The process of adoption of these compacts initiated after the historic New York Declaration for Refugees and Migration in 2016. They managed to bring together all major governments and non-government actors to work for the common goal. In 2019, countries and global institutions launched the initial activities towards the implementation of the objectives of these compacts. All these activities in the current decade have developed the route towards a unified approach on international migration management regime which would help countries to overcome the questions of sovereignty and lack of uniformity in the migration management. Moreover, the nation states, international institutions and the non-state actors such as NGOs, recruitment agencies, etc. agreed on certain common goals and identified the importance of fostering partnerships at various levels of governance. All these developments were leading towards a multi-layered migration governance model in which all stakeholders have important roles to play. It brought smiles to everyone who wished for well-being of the migrants and society. However, the current global health crisis brought by the COVID-19 pandemic would definitely alter all the hard-earned togetherness and unification of stakeholders. Every country in the world, including countries of destination and major countries of origin, is forced to rethink the approach towards migration and migrants.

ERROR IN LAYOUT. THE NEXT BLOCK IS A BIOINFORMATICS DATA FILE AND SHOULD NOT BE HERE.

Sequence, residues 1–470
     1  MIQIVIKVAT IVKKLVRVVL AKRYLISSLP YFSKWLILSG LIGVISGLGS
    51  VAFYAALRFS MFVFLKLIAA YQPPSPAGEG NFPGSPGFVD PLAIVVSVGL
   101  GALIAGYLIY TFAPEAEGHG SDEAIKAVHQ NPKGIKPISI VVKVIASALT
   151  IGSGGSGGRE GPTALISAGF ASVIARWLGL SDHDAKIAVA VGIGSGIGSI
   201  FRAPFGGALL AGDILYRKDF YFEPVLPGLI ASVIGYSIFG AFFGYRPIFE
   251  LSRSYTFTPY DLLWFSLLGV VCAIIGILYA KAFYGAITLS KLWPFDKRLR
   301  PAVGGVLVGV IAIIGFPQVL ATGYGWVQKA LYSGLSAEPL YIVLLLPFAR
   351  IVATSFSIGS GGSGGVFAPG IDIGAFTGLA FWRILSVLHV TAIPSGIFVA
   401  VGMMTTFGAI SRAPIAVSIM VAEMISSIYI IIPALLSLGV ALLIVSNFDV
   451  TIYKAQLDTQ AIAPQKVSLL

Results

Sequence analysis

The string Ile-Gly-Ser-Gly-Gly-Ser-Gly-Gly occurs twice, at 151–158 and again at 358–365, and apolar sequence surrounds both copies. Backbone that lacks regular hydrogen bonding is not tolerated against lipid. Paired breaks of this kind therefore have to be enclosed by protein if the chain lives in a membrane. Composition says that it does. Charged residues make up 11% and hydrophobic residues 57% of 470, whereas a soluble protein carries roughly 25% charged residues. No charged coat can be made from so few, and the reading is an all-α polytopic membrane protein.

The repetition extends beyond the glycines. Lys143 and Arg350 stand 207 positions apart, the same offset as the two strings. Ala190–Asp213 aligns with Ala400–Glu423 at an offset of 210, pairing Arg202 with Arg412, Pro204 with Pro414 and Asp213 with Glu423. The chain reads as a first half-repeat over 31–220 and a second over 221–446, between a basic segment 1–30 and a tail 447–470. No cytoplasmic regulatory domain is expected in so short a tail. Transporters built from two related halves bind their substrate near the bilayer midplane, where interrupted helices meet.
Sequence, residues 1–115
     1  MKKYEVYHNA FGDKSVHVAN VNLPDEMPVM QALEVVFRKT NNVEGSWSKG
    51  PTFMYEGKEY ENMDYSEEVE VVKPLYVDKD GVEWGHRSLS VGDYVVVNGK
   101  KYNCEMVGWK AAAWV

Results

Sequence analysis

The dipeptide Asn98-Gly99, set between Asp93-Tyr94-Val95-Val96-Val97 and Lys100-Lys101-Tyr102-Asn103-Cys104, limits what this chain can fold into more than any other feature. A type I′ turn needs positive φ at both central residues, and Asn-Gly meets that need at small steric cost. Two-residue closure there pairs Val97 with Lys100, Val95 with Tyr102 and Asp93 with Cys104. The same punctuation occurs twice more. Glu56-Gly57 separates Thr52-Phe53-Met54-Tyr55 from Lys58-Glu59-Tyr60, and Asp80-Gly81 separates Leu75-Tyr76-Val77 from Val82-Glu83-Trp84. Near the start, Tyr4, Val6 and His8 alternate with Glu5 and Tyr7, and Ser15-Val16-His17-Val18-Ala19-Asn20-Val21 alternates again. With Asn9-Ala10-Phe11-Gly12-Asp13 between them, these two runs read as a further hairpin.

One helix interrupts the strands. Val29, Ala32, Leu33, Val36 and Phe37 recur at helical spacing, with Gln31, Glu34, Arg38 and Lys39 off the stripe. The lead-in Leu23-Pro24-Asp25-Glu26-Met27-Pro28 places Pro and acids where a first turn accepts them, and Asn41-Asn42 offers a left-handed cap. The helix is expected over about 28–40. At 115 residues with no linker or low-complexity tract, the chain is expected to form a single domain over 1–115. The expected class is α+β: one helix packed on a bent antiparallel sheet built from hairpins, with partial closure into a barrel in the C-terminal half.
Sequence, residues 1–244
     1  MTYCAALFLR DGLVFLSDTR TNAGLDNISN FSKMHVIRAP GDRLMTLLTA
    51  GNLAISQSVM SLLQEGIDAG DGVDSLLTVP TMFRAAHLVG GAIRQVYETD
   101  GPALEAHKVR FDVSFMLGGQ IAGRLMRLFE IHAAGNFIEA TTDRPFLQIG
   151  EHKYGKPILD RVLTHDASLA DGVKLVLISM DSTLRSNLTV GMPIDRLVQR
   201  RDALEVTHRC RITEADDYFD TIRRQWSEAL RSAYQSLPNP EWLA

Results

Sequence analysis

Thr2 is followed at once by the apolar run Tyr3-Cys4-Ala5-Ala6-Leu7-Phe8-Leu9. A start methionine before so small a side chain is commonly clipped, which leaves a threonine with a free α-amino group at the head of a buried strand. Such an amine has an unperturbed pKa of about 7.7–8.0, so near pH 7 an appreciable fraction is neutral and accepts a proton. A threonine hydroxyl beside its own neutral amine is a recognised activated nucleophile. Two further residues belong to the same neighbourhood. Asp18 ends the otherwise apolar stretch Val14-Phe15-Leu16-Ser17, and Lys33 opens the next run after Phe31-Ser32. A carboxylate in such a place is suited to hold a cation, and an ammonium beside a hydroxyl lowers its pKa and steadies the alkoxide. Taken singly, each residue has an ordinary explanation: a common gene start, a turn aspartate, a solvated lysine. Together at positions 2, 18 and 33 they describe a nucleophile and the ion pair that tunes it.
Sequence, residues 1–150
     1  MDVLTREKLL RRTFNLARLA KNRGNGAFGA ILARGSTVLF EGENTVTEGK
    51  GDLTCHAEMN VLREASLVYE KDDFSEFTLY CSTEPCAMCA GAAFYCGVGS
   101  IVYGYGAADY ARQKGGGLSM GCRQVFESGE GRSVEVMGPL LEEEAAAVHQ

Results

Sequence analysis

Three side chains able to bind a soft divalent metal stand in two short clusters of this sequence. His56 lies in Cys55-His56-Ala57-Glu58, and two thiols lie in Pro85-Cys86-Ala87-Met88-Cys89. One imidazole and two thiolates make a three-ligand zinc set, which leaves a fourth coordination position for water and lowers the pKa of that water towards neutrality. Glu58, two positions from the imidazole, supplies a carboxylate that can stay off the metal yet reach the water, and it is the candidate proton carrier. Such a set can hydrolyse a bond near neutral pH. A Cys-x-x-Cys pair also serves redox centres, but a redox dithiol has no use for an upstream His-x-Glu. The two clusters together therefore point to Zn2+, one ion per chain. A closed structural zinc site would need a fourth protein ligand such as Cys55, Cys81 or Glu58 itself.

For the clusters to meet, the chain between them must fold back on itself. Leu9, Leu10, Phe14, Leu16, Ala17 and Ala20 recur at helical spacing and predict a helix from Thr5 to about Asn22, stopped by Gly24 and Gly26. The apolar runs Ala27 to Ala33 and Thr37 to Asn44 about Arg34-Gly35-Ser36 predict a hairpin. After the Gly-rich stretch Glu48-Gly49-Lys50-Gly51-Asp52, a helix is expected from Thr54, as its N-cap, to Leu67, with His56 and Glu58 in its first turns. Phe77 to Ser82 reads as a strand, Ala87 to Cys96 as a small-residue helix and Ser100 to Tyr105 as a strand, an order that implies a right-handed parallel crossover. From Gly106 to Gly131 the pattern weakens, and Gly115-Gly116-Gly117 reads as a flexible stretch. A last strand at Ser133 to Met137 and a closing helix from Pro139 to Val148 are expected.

Impact of COVID-19 on International Migration Governance
The expected collapse of all the above-mentioned achievements will be the primary development in the world of migration.
The immediate changes will be countries’ withdrawal from the compacts, stringent visa regimes, reduction in the number of permanent citizenships offered and the introduction of new quota systems for the foreign labourers.